LIEUTENANT COLONEL GORDON CHESNEY WILSON
ROYAL HORSE GUARDS
6TH NOVEMBER 1914 AGE 49
BURIED: ZILLEBEKE CHURCHYARD, BELGIUM
In a way Gordon Wilson chose his own inscription because his wife found the lines on a newspaper cutting in his writing case when it was returned to her after his death. Wilson had cut out the first two lines of an epitaph that was relatively well known in the eighteenth-century, one of the earliest and best-known examples being on the grave of James Handley who died in 1694 and is buried in the churchyard at Redmile, Leicestershire:
This world is a city full of crooked streets
Death is a market place where all men meet.
If life were merchandise that men could buy
Rich men would ever live and poor men die
Even earlier occurrences of the epitaph can be found, including a variation in Shakespeare's Two Noble Kinsmen, written in 1614-5, where these lines are given to the Third Queen:
This world's a city full of straying streets,
And death's the market-place, where each one meets.
But perhaps Shakespeare in his turn was just quoting a familiar epitaph. Whichever, Wilson's wife chose the lines for her husband.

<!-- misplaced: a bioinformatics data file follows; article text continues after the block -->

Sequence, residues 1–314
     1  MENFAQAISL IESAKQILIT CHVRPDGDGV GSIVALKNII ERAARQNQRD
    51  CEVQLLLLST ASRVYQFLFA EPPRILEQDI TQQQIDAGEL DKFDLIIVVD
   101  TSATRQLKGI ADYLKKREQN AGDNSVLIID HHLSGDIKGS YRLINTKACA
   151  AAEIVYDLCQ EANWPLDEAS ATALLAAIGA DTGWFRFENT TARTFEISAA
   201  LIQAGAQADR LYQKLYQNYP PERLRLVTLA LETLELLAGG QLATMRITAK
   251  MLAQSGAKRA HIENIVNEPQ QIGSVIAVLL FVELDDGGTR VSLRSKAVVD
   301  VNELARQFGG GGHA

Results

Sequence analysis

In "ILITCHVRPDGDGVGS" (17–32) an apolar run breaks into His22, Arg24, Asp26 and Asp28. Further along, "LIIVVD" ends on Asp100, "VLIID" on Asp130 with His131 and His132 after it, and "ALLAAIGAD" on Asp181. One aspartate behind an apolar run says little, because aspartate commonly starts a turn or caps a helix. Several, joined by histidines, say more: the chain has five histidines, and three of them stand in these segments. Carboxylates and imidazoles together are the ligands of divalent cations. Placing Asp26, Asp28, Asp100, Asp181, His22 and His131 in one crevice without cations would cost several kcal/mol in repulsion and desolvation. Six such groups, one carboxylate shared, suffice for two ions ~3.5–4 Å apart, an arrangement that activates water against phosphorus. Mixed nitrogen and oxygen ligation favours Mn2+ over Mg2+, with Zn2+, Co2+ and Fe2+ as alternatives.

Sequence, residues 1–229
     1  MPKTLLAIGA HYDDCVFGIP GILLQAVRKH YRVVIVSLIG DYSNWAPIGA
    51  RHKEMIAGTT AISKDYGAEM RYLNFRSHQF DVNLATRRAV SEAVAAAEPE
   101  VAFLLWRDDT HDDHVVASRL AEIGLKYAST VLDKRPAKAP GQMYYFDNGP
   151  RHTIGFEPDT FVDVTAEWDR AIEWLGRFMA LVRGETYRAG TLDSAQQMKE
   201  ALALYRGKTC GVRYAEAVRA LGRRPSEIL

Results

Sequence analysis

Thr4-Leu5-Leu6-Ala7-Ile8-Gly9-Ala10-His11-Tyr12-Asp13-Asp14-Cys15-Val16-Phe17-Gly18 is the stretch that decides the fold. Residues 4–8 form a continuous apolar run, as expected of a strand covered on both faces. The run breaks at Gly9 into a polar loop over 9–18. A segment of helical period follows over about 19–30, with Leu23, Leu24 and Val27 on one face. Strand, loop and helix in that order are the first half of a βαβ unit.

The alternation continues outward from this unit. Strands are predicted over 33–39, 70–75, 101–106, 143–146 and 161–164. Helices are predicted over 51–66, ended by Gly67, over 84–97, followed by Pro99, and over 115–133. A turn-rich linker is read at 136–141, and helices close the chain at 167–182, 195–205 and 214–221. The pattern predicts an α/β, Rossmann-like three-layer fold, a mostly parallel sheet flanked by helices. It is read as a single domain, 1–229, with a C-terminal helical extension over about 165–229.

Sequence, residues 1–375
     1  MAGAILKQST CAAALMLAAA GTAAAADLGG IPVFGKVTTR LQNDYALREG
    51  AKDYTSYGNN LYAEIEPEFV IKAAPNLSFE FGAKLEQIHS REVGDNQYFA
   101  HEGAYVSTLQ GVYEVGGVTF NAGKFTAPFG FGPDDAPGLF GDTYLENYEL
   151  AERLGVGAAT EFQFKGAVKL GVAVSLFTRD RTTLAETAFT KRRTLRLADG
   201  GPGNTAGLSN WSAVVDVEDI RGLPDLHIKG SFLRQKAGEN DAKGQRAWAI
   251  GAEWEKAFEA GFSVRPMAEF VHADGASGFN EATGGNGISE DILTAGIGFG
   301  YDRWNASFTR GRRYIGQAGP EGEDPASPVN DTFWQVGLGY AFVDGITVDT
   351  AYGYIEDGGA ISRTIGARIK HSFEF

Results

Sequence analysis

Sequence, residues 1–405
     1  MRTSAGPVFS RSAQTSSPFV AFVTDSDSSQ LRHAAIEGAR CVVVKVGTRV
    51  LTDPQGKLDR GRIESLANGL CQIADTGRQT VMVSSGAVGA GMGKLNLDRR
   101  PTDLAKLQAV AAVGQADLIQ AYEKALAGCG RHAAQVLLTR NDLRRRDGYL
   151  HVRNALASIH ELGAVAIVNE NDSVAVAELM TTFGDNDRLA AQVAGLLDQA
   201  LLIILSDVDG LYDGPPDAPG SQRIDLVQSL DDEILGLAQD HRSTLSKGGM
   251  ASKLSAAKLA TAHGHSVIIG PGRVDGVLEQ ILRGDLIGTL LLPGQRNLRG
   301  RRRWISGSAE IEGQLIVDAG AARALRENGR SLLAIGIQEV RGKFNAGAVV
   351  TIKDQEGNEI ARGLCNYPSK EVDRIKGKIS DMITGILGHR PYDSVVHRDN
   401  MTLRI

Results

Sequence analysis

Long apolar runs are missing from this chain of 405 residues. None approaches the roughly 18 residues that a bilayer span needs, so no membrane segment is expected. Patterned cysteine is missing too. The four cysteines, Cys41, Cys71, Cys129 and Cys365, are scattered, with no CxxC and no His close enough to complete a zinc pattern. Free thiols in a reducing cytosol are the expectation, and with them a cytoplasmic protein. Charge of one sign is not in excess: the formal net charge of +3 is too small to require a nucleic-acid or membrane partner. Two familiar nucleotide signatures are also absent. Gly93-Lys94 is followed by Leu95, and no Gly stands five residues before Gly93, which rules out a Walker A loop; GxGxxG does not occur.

Gordon Chesney Wilson, a regular soldier who had served in South Africa, was by 1911 in command of his regiment, the Royal Horse Guards. The regiment went to France on 7 October 1914 and was involved in all the fierce, close fighting around Ypres. He was killed leading an attack on 6 November, one of the many well-trained, experienced soldiers that the British army could ill afford to lose.
Born in Australia in 1865, Wilson was the son of Sir Samuel and Lady Sarah Wilson. Educated at Eton and Christ Church, Oxford he was commissioned into the Royal Horse Guards in 1888. In 1891 he married Lady Sarah Spencer-Churchill, sister of Lord Randolph Churchill and aunt of Winston Churchill.
The new commander of the regiment, Lord Tweedmouth, wrote to Lady Sarah, his aunt, to tell her:
"I cannot express my sympathy sufficiently with you over poor Gordon's loss, and it was a great disaster for us as a regiment: he was so active and keen, brave as a lion and full of sympathy for the men and officers. I feel his loss tremendously, as we had been so much together in the last month, and he has been very kind to me."